Nearly two years ago, before becoming a full-time vegan, I posted a recipe for a killer caramelized onion cornbread on the blog. While I knew a thing or two about vegan baking, I was still a bit ignorant in regards to where my eggs and buttermilk were coming from. Despite the hints from my vegan friends at Peacefood Cafe, I didn’t want to know the disturbing truth. Actually, I thought I knew everything there was to know. What happens to the dairy cows and their male offspring, I never really considered. And chickens laying eggs– well, I wasn’t eating chicken. The inhumane conditions are far more terrifying and blood boiling than anything I could have ever imagined, but I wasn’t aware. So I continued to use animal products in my baking out of sheer laziness, and an inner voice telling me that it was okay. Still, that inner voice had another side; a side that screamed just as loudly, but really made it’s impact on me in the form of guilt. In the 6 months or so, before I became a vegan, each and every animal product I ate would evoke a bit of guilt. I consumed about one animal product a week, yet something didn’t sit well with me.
Fast forward, I mustered up the courage to listen more closely to my vegan friends, and do some reading of my own. Now almost 2 years later Ive created a life and career for myself as a vegan chef and nutrition counselor. I live my passion every singe day, and I feel tremendous. My digestive problems have disappeared, guilt no longer resides in me, and I am swathed in a blanket of joy almost every day.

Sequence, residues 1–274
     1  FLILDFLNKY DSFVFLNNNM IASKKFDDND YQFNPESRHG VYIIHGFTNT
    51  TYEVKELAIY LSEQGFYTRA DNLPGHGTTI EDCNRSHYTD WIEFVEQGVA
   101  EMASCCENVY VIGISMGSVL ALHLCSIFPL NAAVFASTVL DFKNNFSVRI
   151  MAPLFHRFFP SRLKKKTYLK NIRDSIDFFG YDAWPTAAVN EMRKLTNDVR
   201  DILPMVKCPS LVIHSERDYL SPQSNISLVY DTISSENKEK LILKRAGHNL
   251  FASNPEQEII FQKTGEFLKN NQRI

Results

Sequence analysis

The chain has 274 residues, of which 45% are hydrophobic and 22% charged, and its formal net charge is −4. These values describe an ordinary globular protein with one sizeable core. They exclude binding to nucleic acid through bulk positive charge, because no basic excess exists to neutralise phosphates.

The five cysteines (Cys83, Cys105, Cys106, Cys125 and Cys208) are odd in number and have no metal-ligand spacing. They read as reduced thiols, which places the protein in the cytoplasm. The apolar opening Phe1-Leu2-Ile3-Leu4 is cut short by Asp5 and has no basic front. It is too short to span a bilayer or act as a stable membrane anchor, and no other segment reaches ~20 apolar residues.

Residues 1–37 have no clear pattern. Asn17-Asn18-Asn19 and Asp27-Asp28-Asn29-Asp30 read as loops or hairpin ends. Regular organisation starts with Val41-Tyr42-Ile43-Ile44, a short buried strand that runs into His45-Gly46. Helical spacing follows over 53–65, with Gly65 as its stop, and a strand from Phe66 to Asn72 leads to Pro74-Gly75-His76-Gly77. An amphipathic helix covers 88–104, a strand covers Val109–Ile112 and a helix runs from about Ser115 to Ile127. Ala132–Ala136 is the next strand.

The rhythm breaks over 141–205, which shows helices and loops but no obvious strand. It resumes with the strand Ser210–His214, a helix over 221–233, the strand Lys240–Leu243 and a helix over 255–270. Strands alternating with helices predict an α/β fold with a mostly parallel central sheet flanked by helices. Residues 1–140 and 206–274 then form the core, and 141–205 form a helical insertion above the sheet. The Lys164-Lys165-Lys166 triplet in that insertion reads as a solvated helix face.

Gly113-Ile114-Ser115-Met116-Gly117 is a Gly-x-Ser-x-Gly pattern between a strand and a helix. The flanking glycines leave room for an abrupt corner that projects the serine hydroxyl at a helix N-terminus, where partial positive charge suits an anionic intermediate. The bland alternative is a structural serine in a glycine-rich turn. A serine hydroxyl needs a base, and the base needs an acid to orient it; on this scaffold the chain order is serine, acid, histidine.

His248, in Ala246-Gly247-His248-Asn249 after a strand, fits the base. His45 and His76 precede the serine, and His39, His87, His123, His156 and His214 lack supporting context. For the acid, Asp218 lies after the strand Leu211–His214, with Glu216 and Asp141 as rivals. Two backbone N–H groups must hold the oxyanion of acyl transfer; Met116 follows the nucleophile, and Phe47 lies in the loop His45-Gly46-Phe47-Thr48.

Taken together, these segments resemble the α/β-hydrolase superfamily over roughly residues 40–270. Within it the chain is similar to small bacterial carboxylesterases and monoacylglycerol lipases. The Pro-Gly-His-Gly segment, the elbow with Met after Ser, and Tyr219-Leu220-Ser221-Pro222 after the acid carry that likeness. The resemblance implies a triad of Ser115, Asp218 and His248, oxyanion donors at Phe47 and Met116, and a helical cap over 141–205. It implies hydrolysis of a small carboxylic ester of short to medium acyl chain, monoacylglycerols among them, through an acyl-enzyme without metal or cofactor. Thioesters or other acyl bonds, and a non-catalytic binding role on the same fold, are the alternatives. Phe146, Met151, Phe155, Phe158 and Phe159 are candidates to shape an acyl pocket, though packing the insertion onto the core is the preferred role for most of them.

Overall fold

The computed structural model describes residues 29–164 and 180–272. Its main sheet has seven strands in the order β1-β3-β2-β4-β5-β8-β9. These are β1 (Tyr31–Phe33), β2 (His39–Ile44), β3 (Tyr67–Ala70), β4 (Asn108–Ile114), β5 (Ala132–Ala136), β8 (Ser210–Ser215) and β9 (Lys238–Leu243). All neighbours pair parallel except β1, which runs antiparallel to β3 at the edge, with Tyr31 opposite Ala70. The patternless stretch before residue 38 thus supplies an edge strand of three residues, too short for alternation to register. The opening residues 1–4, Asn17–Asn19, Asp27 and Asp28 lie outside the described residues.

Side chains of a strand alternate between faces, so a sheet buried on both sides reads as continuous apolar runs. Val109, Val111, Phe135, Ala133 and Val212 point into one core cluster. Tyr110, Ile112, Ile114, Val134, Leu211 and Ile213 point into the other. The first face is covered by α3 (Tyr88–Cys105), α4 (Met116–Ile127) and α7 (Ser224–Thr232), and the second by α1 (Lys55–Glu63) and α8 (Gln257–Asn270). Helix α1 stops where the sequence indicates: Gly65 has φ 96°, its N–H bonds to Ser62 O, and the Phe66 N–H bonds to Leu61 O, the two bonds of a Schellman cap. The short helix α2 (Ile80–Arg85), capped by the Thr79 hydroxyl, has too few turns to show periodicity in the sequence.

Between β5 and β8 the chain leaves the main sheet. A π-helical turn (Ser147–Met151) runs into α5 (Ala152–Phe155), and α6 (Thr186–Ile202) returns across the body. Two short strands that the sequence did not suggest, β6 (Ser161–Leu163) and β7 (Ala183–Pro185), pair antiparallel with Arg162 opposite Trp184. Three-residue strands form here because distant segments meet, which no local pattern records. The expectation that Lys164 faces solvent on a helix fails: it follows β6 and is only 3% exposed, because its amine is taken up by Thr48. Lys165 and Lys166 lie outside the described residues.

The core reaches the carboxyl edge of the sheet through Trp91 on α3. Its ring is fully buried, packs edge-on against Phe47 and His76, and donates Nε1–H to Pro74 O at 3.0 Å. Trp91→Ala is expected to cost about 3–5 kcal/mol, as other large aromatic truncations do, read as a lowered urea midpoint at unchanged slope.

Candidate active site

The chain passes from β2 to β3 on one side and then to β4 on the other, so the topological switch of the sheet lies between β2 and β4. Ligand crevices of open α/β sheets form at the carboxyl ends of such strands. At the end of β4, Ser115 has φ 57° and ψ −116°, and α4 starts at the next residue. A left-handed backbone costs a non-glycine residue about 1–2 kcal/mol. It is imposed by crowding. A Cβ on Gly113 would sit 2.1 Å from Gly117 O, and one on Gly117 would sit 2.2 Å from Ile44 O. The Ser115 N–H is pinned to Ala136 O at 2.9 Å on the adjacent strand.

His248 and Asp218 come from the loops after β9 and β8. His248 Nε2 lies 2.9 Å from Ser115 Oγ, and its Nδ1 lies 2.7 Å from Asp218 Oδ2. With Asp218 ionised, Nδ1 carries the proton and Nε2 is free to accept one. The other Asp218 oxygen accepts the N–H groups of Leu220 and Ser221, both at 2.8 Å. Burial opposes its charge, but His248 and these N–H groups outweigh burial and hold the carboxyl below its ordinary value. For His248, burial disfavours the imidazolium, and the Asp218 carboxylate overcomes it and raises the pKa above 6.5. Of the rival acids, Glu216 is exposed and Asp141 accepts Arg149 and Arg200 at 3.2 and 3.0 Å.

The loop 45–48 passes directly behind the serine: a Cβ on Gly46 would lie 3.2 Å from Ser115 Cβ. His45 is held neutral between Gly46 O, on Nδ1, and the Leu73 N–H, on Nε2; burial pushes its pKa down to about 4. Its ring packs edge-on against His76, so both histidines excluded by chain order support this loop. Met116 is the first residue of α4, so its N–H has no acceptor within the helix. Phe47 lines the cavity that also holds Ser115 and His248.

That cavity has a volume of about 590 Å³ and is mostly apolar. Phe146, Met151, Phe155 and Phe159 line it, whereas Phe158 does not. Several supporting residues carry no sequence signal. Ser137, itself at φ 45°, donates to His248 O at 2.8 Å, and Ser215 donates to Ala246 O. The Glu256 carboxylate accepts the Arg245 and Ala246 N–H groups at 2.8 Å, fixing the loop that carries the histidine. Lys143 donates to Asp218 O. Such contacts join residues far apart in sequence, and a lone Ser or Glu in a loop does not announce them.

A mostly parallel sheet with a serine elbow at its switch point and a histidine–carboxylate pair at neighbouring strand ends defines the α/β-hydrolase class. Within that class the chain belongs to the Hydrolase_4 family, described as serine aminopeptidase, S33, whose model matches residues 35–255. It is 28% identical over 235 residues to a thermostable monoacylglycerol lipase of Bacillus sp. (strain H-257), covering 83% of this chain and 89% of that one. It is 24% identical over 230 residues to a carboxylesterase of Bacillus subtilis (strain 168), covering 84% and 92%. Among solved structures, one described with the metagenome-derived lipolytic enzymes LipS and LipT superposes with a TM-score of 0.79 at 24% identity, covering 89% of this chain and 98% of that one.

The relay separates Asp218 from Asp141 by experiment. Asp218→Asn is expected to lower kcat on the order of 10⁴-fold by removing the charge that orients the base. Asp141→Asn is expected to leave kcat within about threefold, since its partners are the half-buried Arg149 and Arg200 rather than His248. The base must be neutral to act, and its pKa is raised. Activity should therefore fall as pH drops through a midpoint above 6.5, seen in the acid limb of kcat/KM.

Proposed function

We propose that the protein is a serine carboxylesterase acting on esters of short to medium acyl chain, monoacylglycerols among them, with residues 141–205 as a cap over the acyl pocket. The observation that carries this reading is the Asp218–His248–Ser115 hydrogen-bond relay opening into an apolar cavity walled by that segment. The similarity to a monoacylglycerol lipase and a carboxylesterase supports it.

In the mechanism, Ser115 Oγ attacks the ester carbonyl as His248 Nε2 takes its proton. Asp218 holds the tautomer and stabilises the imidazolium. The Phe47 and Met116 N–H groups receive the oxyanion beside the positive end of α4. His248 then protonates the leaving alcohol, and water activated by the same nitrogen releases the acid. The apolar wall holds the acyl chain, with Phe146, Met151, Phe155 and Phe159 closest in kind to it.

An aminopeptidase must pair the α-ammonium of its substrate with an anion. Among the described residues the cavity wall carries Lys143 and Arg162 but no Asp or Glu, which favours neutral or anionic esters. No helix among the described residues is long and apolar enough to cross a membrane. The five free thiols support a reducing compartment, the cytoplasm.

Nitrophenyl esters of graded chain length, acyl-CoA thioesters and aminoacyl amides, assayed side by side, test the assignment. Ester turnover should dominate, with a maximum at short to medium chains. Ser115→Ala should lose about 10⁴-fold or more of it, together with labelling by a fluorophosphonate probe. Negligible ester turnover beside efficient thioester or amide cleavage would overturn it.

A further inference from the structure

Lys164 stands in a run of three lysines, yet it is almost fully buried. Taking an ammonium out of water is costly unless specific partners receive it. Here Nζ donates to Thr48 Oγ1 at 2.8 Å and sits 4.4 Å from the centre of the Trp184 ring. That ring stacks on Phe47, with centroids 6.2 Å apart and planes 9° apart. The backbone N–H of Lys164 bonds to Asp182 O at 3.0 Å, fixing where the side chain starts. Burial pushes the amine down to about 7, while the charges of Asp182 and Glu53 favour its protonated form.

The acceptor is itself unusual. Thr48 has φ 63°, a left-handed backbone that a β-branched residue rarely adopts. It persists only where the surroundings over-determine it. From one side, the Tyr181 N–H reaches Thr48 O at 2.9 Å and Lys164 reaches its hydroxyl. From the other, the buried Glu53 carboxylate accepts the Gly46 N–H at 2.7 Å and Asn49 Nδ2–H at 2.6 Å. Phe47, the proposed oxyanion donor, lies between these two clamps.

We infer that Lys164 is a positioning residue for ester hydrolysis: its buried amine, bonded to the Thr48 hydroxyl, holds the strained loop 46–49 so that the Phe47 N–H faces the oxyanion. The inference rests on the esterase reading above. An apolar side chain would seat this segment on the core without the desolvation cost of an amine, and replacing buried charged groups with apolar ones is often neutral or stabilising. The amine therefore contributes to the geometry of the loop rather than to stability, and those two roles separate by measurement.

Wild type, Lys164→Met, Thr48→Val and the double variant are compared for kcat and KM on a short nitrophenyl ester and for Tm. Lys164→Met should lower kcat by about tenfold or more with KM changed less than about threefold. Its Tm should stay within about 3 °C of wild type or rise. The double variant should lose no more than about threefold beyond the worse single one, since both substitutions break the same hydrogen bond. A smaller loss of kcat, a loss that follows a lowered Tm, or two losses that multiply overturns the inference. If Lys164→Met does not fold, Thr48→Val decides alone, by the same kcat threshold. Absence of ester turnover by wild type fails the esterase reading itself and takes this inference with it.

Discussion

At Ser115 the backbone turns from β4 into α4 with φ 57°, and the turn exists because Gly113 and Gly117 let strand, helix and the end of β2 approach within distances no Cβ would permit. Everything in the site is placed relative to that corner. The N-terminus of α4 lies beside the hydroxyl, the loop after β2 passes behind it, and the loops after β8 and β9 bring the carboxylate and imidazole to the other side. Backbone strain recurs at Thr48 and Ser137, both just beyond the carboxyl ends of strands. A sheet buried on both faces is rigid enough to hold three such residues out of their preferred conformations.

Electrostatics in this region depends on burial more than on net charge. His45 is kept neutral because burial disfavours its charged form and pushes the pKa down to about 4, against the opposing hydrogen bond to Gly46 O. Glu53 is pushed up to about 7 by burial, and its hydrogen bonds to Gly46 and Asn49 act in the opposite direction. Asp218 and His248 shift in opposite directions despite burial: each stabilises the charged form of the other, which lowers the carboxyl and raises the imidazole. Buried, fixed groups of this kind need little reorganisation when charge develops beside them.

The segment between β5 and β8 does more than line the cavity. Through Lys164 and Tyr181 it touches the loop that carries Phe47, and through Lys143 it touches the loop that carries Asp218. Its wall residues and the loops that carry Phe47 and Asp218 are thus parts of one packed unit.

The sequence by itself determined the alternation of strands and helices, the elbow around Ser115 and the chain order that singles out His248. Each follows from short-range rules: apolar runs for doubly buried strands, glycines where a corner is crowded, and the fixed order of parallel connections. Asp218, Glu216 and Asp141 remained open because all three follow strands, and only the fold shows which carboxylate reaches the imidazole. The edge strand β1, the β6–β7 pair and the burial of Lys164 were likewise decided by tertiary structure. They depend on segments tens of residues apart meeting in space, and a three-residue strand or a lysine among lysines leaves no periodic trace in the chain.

Someone posted a comment on that old Caramelized Onion cornbread about how they thought all of my recipes were vegan. Nowadays they are, but a few from my past aren’t. It’s fine with me to leave them up, it shows my growth and I appreciate that.
I still eat cornbread, and have found that the vegan versions are just as, if not more, delicious than the traditional varieties. So if you dare to turn your oven on this summer, give this recipe a whirl. Maxx’s mom first made the cornbread for us when we were in Denver last year, and I’ve used the recipe every since, and keep it interesting by adding tasty additions like caramelized onions, which are the perfect complement for this moist and slightly sweet bread.
(This simple cornbread recipe is adapted from a recipes on Allrecipes.com. The recipe for the onions is below. This should be made ahead. Makes 12 muffins, or a standard 9×9 baking pan.)
1 cup whole-wheat pastry
1 cup soy milk
1/2 cup agave nectar or local honey
4 tablespoons canola oil
Bake in the preheated oven until a toothpick inserted in the crown of a muffin comes out clean, about 20 minutes.